In this task, we need to let about 4000 interrupts go by. That is too many to count with a simple 8 bit register, so we need a 16 bit counter to do the job. This code is a bit more involved, but it is just the multi-precision code we discussed in the Pentium part of the class! The AVR has a few registers it treats as 16 bit registers, used mainly for indirect addressing. Since we do not need any of that at the moment, we will use one register pair (r26, r27) as a 16 bit register. The AVR calls this pair `X`:

Here is our LED task:

task2.S
 ``` 1 2 3 4 5 6 7 8 9 10 11 12 13 14 15 16 17 18 19 20 21 22 23 24 25 26 27 28 29 30 31 32 33 34 35 36 37 38 39 40 41 42 43 44 45 46 47 48 49 50 51 52 53 54 55 56 57 58 59 60 61``` ```; task2.S - avr-gcc assembly code #include "config.inc" ; LED task ; ; This task uses the built-in LED on the Teensy .global Task2_init .global Task2 .global led_on .equ TASK2_MAX, 4000 ; trigger every 1/2 second .section .data Task2countH: .byte 0 Task2countL: .byte 0 .section .text Task2_init: sts Task2countH, r1 ; clear counter sts Task2countL, r1 ; set up LED port sbi LED_DIR, LED_PIN ; set up the output port (bit 6) cbi LED_PORT, LED_PIN ; start off with the LED off sts led_on, r1 ret Task2: lds r26, Task2countL ; load counter lds r27, Task2countH adiw r26, 1 ; increment counter sts Task2countL, r26 ; save it back sts Task2countH, r27 ; cpi r26, TASK2_MAX & 0xff ; Compare low byte ldi r16, TASK2_MAX >> 8 cpc r27, r16 ; Compare high byte brne 1f ; branch if not equal ; in r16, LED_PORT ; toggle LED pin ldi r17, (1<

Notice the code we need to check this 16 bit counter against the max defined value.

### Buzzing the buzzer¶

The code needed to make the buzzer work is placed in `task1` above the line labeled 2:

task1.S
 ```1 2 3 4 5``` ``` in r16, BUZZ_PORT ldi r17, (1<

If you test the code at this point, the buzzer should sound and the LED should blink at about the right rate. Cool, but we wanted to cause the buzzer to sound when the light is on. So, we have a bit more work to do.

Basically, we need to let one task talk to another task. We need to have the LED task set a variable when the LED goes on, and tell the buzzer task to shut things down when the LED is off. Hmmm - let’s see if we can get this working!

First, we need to set up the variable. We will define it in `Task2` and let `Task1` see it.

task2.S
 ```1 2 3 4``` ``` .global led_on .section .data led_on: .byte 0 ```

And in `Task1`:

task1.S
 `1` ``` .extern led_on ```

Now, we need to set this variable when the LED is on. Unfortunately, since we are just toggling the bit, we do not know if the LED is on or off, so we will just test the right bit. If it is a 1, the LED is on!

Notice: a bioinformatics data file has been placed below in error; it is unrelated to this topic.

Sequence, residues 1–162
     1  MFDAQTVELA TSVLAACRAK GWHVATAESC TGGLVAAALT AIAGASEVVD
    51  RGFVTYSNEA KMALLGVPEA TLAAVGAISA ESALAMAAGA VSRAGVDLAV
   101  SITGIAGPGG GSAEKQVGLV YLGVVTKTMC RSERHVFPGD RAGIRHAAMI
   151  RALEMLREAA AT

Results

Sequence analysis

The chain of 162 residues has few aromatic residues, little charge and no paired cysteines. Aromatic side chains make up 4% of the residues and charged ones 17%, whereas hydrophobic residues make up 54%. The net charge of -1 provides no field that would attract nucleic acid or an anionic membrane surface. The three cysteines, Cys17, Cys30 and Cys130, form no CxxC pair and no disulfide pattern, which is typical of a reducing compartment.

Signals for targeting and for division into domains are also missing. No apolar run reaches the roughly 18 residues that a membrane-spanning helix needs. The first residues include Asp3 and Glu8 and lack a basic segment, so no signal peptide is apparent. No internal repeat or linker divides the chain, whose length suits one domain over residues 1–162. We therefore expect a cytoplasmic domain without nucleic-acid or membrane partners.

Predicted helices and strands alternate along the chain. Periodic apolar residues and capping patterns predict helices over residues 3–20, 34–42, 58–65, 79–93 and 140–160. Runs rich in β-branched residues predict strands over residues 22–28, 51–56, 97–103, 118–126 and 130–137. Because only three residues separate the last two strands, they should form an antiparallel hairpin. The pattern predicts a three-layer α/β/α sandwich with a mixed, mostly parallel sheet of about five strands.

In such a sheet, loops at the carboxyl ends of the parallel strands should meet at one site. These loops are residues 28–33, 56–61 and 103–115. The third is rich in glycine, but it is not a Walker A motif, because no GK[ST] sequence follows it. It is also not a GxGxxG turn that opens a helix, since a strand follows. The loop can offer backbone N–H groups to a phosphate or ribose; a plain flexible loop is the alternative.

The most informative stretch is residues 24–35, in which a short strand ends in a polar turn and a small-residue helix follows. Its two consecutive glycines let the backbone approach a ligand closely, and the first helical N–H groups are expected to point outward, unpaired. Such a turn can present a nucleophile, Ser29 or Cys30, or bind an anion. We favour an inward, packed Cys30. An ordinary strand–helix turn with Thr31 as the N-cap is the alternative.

task2.S
 ``` 1 2 3 4 5 6 7 8 9 10 11 12 13 14 15``` ``` in r16, LED_PORT ; toggle LED pin ldi r17, (1<

With this change, we have the `led_on` variable set if the LED is on. Now, we can use this variable to decide if we should toggle the buzzer pins. (Skipping this will cause the buzzer to shut off.)

task1.S
 ```1 2 3 4 5 6 7 8 9``` ``` cpse r16, r17 rjmp 1f ; lds r16, led_on ; see if the LED is on cpi r16, 1 ;is it on brne 1f cpi r16, 1 ; test it brne 2f ; not on - no buzz ; ```

Try this change! With any luck, the buzzer will only sound when the LED is on!. Cool, multi-tasking working in a neat way!

## What about that last task?¶

We had one last task to handle. This one is an example of a task that could be expanded to fire off a signal to a servo. If you look into the documentation for servos, you discover that they like to have a pulse sent their way about 50 times a second. (Actually, that number is soft, they work well with a range of values.)

Let’s set up a simple task and see if we can have is generate a short pulse we can look at on the oscilloscope. This will not be enough code to run the servo, but it should give you ideas.

Here is the task we will use:

task3.S
 ``` 1 2 3 4 5 6 7 8 9 10 11 12 13 14 15 16 17 18 19 20 21 22 23 24 25 26 27 28 29 30 31 32 33 34 35 36 37 38 39 40 41 42 43 44``` ```#include "config.inc" ; Task 3 - Servo task - service at 50Hz .global Task3 .global Task3_init .equ TASK3_MAX, 160 .section .data Task3countH: .byte 0 Task3countL: .byte 0 .section .text Task3_init: sts Task3countH, r1 ; clear counter sts Task3countL, r1 sbi PULSE_DIR, PULSE_PIN ret Task3: lds r26, Task3countL ; load counter into X lds r27, Task3countH adiw r26, 1 ; increment counter sts Task3countL, r26 ; save it back sts Task3countH, r27 ; cpi r26, TASK3_MAX & 0xff ; Compare low byte ldi r16, TASK3_MAX >> 8 cpc r27, r16 ; Compare high byte brne 1f ; branch if not equal ; in r16, PULSE_PORT ; toggle LED pin ldi r17, (1<

You should be able to add this task to your code. When I ran the resulting program, this is what I saw on the output pin we set up for `Task3`:

That is one call every 20ms, which works out to our target of 50Hz. Looks like we have a program we can work with!

## Testing your code¶

As your code gets more complex, you will soon wish you had better tools to help debug your code. Fortunately, there are many such tools available, some free, some not free. Here are some references to tools we might use:

## Further Reading¶

In case you are interested in seeing a more sophisticated way to set up a multi-tasking kernel on the Arduino, here is a paper to get you started: